how to price your handmade products
When I first decided to start DON'T WORRY DESIGNS, I was overwhelmed by the amount I needed to learn right away. Besides the time required to refine my craft, I also needed to deep dive into the nitty gritty of running a business. As a creative person that never studied finance in school, I struggled most with coming up with a pricing strategy.
I've put together a step-by-step guide of the process I went through, so hopefully this will help a new business owner just starting out. You will need to consider overhead, materials, and labor costs to ensure you cover your expenses and (ideally!) generate a profit. It's a lot to take in, but remember: you can always make changes to your prices as you learn and grow.
how to put together a pricing formula
Step one: calculate your materials costs. This is the price of the materials you need to make your product. For me as a predominantly polymer clay artist, this include the cost of polymer clay and any jewelry findings I need to make my designs, like jump rings, earring posts, and backings.
Don't forget to include your packaging costs. This the price of the supplies you need to actually get your product into your customer's hands. For me that includes custom earring cards, and for all online orders I also use business cards, stickers, shipping boxes, crinkle cut paper, and tissue paper to ensure the jewelry arrives safely.
Step two: determine your labour costs. Calculate the time you spend on creating each piece and determine an hourly wage that you believe your skills and time are worth. Multiply the hours spent on making the piece by the hourly wage to calculate the labor cost. Paying yourself is very important so never skip this step - even if it makes your products more expensive for customers. I have found that people are willing to pay for high quality, handmade goods because they are unique and will last.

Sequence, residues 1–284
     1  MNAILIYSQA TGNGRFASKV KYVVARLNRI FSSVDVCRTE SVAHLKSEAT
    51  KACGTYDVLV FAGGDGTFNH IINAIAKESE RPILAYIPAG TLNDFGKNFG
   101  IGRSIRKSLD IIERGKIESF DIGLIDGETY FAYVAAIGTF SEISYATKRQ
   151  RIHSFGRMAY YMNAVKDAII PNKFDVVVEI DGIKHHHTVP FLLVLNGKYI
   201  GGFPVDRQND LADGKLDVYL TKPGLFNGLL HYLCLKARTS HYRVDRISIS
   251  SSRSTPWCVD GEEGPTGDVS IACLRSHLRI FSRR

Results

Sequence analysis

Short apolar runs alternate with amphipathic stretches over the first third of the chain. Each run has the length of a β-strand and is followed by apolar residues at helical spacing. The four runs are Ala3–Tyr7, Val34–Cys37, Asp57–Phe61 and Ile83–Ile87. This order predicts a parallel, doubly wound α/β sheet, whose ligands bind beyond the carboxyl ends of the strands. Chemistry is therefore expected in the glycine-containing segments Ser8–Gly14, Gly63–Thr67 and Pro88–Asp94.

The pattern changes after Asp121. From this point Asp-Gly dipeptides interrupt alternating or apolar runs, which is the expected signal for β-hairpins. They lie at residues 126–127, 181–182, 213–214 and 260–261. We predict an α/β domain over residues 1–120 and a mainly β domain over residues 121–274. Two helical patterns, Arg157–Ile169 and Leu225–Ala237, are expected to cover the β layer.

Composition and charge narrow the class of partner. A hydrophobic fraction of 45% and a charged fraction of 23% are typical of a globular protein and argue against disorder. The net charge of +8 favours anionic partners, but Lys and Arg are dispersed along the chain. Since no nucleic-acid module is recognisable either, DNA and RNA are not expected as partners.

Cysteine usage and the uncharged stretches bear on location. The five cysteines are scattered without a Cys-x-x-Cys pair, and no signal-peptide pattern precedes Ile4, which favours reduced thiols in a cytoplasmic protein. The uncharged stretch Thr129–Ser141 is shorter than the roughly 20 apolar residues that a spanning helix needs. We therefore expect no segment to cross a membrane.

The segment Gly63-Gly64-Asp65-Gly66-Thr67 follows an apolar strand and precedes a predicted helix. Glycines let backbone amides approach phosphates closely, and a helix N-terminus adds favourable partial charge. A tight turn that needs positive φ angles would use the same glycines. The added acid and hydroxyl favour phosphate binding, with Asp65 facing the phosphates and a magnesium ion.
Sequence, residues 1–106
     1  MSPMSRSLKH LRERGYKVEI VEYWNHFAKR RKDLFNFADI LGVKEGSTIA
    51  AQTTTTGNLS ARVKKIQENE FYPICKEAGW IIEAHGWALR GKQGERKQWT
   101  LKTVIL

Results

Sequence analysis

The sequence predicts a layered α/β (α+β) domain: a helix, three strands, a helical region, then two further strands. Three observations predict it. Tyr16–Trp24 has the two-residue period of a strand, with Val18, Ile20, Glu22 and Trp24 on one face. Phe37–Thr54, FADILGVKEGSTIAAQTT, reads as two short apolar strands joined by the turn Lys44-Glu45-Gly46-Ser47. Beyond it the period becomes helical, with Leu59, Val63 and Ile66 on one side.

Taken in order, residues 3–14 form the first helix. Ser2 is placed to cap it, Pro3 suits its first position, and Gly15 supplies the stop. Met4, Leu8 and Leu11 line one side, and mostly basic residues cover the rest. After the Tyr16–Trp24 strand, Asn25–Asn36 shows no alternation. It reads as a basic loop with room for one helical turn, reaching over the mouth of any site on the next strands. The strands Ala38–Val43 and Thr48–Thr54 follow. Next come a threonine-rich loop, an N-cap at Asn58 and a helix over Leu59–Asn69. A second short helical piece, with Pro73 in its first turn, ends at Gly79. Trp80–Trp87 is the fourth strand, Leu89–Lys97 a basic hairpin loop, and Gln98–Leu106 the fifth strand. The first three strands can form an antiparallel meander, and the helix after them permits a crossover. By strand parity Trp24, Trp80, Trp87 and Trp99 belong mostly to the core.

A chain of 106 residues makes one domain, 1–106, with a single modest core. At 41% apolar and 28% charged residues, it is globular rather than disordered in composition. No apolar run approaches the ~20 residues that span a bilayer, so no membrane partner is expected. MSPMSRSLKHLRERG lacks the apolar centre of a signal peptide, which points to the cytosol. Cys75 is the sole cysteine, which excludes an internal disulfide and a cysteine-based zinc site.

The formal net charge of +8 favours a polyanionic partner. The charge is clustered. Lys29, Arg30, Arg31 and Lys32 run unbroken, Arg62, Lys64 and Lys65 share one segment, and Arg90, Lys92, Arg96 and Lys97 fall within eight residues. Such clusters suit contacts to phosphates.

Step three: calculate your overhead costs. These are all the ongoing costs associated with operating your business. One way to do this is to sum up all of your expenses for a specific period, such as a month. They could include rent, utilities, insurance, equipment maintenance, website hosting, office supplies, etc. but will be unique to your business. Once you have a total overhead cost, divide it by the number of pieces you expect to create in that period to determine the overhead cost per piece.
Step four: add up all of your costs. Add the materials cost, labor cost, and overhead cost per piece to get the total cost per piece.
Step five: decide on a profit margin. Decide on the profit margin you want to target for each handmade item you sell. This could be a percentage of the total cost or a fixed amount. Common profit margins range from 30% to 50% or more.
step six: calculate your retail price. Add the desired profit margin to the total cost per piece to calculate the selling price. The formula is:
retail price = total cost + (total cost × desired profit margin)
- Before finalizing your selling price, research the market to ensure your pricing aligns with what customers are willing to pay for similar handmade jewelry. You may need to adjust your price if your competitors offer comparable pieces at different price points.
- Consider rounding your selling price to customer-friendly numbers, such as $25, $50, $75, etc. This can make your pricing more appealing to buyers.
- Keep track of your sales and customer feedback to determine if your pricing strategy is effective. If you're not making sufficient sales or customers find your prices too high, you might need to revisit your pricing structure.
- If you create jewelry with different levels of complexity or use higher-quality materials for some pieces, consider adjusting your pricing accordingly. Tiered pricing can cater to different customer preferences and budgets.
Remember: pricing isn't an exact science, and it may take time to find the right balance between covering your costs and attracting customers. Regularly review your pricing strategy and adjust as needed based on your business's performance and changing market conditions.